As a result, Youn sometimes has to turn away interior designers or condo buyers looking to collect art for homes.
“They’re not looking for unique pieces, but rather commercial multiples and purely decorative works,” he said. “That’s not why I do what I do.”
Focusing instead on originals, Youn loves adding joy to someone’s life. So when some of his patrons send him photos post-purchase of the art in their home, it warms his heart.
But what if a home was entirely decorated with art? Youn thinks that would be beautiful. Imagine a table made of conceptual art, or pieces created by artists who collaborate with furniture designers.
As it happens, the Montreal-based Claste collective manages to combine art and furniture design in a way that’s entirely unique. Consisting of a trio that includes Quinlan Osborne, Martin Poitras and Philip Hazan, Claste’s furnishings are bold statement pieces.
Sleek barely begins to cover it. Many of the pieces in Claste’s collection are made of marble and glass, which can sometimes give off a kind of floating effect that’s immediately offset by the hard, firm stone.
This paradox is part of what Osborne refers to as the inherent “tension” in the body of Claste’s work. It’s also meant to shift your perspective on the furnishing, depending on where it’s positioned, or what angle you’re looking at it from.
“How the perception of fragility or stability affects someone’s experience of the normally mundane act of sitting, or how an object’s solidity dissolves as it is viewed from different vantages are all part of the intimacy elicited by tension, in a similar way to the role of the cantilever in architecture or a walk across a glass bridge,” Osborne explained. “The result is the addition of an emotion that both enhances and transforms the experience of the everyday into something just a little more interesting.”
The use of marble and glass is also part of that experience, in that the former evokes something regal and noble from the past, while glass’s transparency speaks more closely to contemporary design. Modernity also influences Claste’s form, since they’re often designing with the new home in mind.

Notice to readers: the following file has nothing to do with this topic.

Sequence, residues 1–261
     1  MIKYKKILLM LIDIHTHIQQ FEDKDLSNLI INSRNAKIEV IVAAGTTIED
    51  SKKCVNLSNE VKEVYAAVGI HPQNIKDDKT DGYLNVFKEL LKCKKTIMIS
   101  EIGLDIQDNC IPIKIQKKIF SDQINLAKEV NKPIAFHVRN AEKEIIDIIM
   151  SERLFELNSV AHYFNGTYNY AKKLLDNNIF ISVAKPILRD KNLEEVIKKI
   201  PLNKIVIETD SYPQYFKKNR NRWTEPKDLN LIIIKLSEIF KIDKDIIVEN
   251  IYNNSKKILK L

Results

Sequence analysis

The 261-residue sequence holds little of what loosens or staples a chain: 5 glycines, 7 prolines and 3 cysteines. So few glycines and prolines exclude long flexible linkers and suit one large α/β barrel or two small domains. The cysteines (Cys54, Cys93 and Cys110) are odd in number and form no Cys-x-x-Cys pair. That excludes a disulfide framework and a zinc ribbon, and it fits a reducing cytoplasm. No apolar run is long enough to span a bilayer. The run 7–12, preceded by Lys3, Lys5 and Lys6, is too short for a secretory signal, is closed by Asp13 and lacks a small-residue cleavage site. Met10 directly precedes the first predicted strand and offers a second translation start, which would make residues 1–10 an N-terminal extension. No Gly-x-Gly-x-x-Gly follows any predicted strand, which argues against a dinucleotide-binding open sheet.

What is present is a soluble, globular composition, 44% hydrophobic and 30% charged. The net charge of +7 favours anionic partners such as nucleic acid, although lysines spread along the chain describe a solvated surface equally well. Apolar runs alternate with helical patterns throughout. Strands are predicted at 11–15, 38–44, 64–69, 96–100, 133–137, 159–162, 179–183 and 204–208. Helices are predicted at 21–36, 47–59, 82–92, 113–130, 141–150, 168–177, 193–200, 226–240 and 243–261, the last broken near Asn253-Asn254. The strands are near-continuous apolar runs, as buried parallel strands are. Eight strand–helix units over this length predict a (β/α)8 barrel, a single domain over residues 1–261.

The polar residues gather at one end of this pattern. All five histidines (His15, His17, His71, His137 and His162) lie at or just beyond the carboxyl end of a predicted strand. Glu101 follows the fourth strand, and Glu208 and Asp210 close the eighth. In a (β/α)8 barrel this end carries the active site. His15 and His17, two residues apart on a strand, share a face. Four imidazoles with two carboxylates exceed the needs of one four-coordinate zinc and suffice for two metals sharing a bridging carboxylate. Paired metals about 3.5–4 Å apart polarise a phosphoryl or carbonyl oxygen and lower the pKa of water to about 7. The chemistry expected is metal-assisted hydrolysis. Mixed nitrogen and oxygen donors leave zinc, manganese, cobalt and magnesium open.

“People have decidedly left the traditional country manor behind and are now firmly rooted in their luxury condos, and in doing so, space has replaced excess as the new symbol of opulence and success,” Osborne said. “As a result, private collections are becoming more curated and selective, where every element within a space is exposed and required to be as much an expression of the expanse around it as it is about the nature of the object itself.”
At the same time, newer spaces like luxury condo units are often smaller, which makes it easy to favour a minimalist style. Because there’s less space for traditionally hung art, what Osborne calls “collectible design” can step in and become a reflection of a dweller’s curative process.
“What collectible design has done is created a genre that is often perceived as very expensive furnishings, but I believe is better understood if seen as affordable art,” Osborne explained. “These pieces are often very large in scale compared to similarly-priced sculpture and paintings, and therefore will have a big impact on the look and feel of a home.”
And that look and feel isn’t something merely thrown together anymore. Each choice is deliberate, the result of much care and thought, granting homeowners a larger stake in their space, while conveying to their lucky guests, “come in, this is me …”